a=lcfg:4 mt=video t=1 m=1|2 a=4,5 pt=1:106

                             Figure 2: Answer

   Author's note: In the signaling document the grouping framework
   [RFC5888] is used to indicate the "m" lines that are under CLUE
   control.  It's not clear whether a=group:CLUE and a=mid is needed at
   this stage or during the updated-Offer.  It could be assumed that the
   above latent configurations are related to CLUE due to the fact they
   appear under the m=application SCTP/CLUE line.

   On receipt of the SDP Answer the Provider establishes the SCTP
   connection, performs CLUE version and capability negotiation (not
   shown) and then sends the initial CLUE Advertisement.  In it the
   Provider advertises a single Capture Scene described by three video
   captures (i.e. Left,Centre,Right) or a video capture of the entire
   scene.



Groves, et al.            Expires July 30, 2014                 [Page 8]


Internet-Draft           CLUE and latent config             January 2014


   Author's note: According to the current CLUE protocol work
   [I-D.presta-clue-protocol], it's the consumer that sends the first
   Advertisement.  The author believes that the Provider should send the
   first Advertisement to align with the Offer.

        +-----------------------|---------------------------------+
        | Capture Scene #1      |                                 |
        +-----------------------|---------------------------------+
        | VC1                   | CaptureArea=Left                |
        |                       | EncodingGroup=EG1               |
        | VC2                   | CaptureArea=Centre              |
        |                       | EncodingGroup=EG2               |
        | VC3                   | CaptureArea=Right               |
        |                       | EncodingGroup=EG3               |
        | VC4                   | CaptureArea=All                 |
        |                       | EncodingGroup=EG4               |
        | CSE(VC1,VC2,VC3)      |                                 |
        | CSE(VC4)              |                                 |
        +-----------------------|---------------------------------+
        | EncodingGroups        |                                 |
        +-----------------------|---------------------------------+
        | EG1                   | EncodeID=encoding1              |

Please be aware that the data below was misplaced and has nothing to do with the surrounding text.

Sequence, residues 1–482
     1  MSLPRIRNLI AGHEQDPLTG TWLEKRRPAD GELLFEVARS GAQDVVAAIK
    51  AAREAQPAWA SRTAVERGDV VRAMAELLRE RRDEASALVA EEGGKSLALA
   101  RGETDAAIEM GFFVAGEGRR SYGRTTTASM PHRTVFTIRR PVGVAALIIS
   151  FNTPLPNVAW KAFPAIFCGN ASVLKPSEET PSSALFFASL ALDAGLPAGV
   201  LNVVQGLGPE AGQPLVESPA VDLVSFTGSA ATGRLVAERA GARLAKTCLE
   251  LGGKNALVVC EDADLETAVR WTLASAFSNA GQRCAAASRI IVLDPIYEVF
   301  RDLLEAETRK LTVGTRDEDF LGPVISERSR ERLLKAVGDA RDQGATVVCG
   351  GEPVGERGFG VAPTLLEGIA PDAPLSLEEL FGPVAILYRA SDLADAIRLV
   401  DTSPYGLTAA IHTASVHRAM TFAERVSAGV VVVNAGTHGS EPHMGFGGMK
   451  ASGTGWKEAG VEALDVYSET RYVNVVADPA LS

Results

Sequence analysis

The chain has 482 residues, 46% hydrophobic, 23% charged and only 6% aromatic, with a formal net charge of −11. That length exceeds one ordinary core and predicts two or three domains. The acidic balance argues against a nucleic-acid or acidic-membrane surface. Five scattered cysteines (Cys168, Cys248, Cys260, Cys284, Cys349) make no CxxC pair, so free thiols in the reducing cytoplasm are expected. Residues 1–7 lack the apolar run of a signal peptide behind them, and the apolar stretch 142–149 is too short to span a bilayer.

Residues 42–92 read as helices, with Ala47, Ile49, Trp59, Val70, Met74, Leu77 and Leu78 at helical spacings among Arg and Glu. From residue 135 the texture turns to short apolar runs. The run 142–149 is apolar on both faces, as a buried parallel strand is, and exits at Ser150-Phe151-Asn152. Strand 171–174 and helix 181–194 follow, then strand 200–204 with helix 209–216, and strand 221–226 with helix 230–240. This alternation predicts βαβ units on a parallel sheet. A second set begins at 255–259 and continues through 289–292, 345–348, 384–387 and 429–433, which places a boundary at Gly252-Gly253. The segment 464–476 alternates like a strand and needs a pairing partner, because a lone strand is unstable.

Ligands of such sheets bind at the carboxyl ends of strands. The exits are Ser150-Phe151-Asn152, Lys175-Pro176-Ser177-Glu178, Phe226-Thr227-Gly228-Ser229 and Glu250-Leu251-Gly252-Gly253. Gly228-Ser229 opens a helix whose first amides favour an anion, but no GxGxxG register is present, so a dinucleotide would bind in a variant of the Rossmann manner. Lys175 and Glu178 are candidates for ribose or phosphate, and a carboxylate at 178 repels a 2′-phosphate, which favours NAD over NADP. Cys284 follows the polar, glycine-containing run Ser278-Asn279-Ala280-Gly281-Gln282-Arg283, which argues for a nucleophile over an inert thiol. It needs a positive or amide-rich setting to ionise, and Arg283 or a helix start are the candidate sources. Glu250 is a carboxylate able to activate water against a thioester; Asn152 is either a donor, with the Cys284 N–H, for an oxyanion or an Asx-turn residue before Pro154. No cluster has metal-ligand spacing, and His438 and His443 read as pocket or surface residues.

| EG2                   | EncodeID=encoding2              |
        | EG3                   | EncodeID=encoding3              |
        | EG4                   | EncodeID=encoding4              |
        +=======================+=================================+

                          Figure 3: Advertisement

   On receipt of the Advertisement the Consumer determines that it wants
   the three video captures representing left/centre/right.  It sends a
   CLUE Configure to the Provider:

        +-----------------------+---------------------------------+
        | VC1                   | encoding1                       |
        | VC2                   | encoding2                       |
        | VC3                   | encoding3                       |
        +-----------------------|---------------------------------+

                            Figure 4: Configure

   On receipt of the CLUE Configure the Provider determines that the
   Consumer wants to see VC1, VC2 and VC3 according to encoding1,
   encoding2 and encoding3 respectively.  The Provider then issues an
   updated SDP Offer for three additional video streams.  Note: The
   latent configurations have been removed but the latent configuration
   related to VC4/encoding4 could also be maintained if still available.




Groves, et al.            Expires July 30, 2014                 [Page 9]


Internet-Draft           CLUE and latent config             January 2014


   The grouping framework [RFC5888] is used to indicate that the
   additional video streams are under CLUE control.

   v=0
   o=alice 2890844526 2890844526 IN IP4 host.anywhere.com
   s=
   a=group:CLUE 1 2 3
   c=IN IP4 host.anywhere.com
   t=0 0
   m=audio 49170 RTP/AVP 0 ; Base audio stream
   a=rtpmap:0 PCMU/8000

   ; CLUE channel estab. Req.
   m=application 49172 SCTP 49172
   a=setup:actpass
   a=connection:new
   a=sctpmap:49172 CLUE 1

   ;Additional video streams